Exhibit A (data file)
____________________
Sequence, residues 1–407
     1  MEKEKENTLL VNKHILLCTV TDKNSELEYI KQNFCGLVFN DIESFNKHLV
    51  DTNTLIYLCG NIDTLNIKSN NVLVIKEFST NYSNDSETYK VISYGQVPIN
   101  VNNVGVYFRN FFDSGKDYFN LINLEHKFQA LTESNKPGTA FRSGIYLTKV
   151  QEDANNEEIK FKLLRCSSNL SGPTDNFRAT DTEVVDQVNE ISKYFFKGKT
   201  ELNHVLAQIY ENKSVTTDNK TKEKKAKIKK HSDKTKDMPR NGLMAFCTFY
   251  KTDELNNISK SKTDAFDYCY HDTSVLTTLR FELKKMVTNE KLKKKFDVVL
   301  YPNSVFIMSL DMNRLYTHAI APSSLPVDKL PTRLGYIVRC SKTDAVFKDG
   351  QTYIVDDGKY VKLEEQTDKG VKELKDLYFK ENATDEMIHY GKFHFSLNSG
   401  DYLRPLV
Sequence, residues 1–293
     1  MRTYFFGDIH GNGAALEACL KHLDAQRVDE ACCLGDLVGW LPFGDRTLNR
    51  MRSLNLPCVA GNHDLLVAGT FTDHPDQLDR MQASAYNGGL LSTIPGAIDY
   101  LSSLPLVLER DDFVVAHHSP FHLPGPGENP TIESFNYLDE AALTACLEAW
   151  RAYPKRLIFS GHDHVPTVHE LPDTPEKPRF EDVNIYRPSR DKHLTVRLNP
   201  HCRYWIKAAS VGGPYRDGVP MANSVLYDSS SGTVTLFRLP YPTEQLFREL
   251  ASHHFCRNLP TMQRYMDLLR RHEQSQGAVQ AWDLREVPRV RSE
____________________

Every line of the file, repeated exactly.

Sequence, residues 1–407
     1  MEKEKENTLL VNKHILLCTV TDKNSELEYI KQNFCGLVFN DIESFNKHLV
    51  DTNTLIYLCG NIDTLNIKSN NVLVIKEFST NYSNDSETYK VISYGQVPIN
   101  VNNVGVYFRN FFDSGKDYFN LINLEHKFQA LTESNKPGTA FRSGIYLTKV
   151  QEDANNEEIK FKLLRCSSNL SGPTDNFRAT DTEVVDQVNE ISKYFFKGKT
   201  ELNHVLAQIY ENKSVTTDNK TKEKKAKIKK HSDKTKDMPR NGLMAFCTFY
   251  KTDELNNISK SKTDAFDYCY HDTSVLTTLR FELKKMVTNE KLKKKFDVVL
   301  YPNSVFIMSL DMNRLYTHAI APSSLPVDKL PTRLGYIVRC SKTDAVFKDG
   351  QTYIVDDGKY VKLEEQTDKG VKELKDLYFK ENATDEMIHY GKFHFSLNSG
   401  DYLRPLV
Sequence, residues 1–293
     1  MRTYFFGDIH GNGAALEACL KHLDAQRVDE ACCLGDLVGW LPFGDRTLNR
    51  MRSLNLPCVA GNHDLLVAGT FTDHPDQLDR MQASAYNGGL LSTIPGAIDY
   101  LSSLPLVLER DDFVVAHHSP FHLPGPGENP TIESFNYLDE AALTACLEAW
   151  RAYPKRLIFS GHDHVPTVHE LPDTPEKPRF EDVNIYRPSR DKHLTVRLNP
   201  HCRYWIKAAS VGGPYRDGVP MANSVLYDSS SGTVTLFRLP YPTEQLFREL
   251  ASHHFCRNLP TMQRYMDLLR RHEQSQGAVQ AWDLREVPRV RSE